Urethritis [Men]

Valeria Fabre, M.D.
Urethritis [Men] is a topic covered in the Johns Hopkins ABX Guide.

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  • Commonly implicated:
    • Chlamydia trachomatis (CT) : most frequent cause of urethritis in men accounting for 23%-55% of cases. However, the proportion of non-gonococcal urethritis (NGU) cases due to CT is declining gradually.
    • Mycoplasma genitalium: may be the second most frequent cause of urethritis in the U.S and U.K. May account for between 15%-22% of cases of acute NGU. Also has a role in chronic NGU.
    • Neisseria gonorrhoeae: as a cause of urethritis, gonorrhea is increasingly a geographically isolated infection in the US. It persists in inner-city populations, in particular.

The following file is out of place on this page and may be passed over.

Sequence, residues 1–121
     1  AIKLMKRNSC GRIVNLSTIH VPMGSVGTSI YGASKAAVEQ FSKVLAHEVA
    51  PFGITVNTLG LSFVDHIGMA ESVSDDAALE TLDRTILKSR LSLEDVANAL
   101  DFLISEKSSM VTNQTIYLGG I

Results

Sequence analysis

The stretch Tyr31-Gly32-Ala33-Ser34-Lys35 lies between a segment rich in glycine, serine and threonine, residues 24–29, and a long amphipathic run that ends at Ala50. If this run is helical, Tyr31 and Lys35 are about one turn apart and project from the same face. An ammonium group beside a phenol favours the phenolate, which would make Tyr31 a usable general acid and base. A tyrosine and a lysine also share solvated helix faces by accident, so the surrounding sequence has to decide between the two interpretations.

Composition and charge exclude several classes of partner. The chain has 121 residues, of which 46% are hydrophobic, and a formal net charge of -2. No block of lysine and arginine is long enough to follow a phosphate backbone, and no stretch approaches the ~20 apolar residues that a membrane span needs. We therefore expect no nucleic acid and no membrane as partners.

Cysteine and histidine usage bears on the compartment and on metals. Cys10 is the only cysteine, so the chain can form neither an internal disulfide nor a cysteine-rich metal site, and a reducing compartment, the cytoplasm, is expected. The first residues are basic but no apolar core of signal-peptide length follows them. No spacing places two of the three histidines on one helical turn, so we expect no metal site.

• Trichomonas vaginalis: is the cause of only about 2% of cases of acute NGU but probably a higher proportion of chronic NGU.
    • Ureaplasma urealyticum: biovar 2 is probably a more important cause of acute NGU than previously realized. In 1999 the organism was divided into 2 species: U. parnumparnum (Biovar 1) and U. urealyticum (Biovar 2). Studies suggest only the latter associated with urethritis.
  • Less common: include
    • Herpes simplex virus (rare in absence of obvious skin lesions)
    • Adenovirus
    • Haemophilus spp
    • Yeasts, e.g., Candida spp.
    • N. meningitidis 
    • Staphylococcus saprophyticus.  
    • Novel bacteria recently associated with bacterial vaginosis such as Leptotrichia/Sneathia spp. may be the urethral pathogens of "idiopathic" NGU[7].

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Last updated: November 30, 2015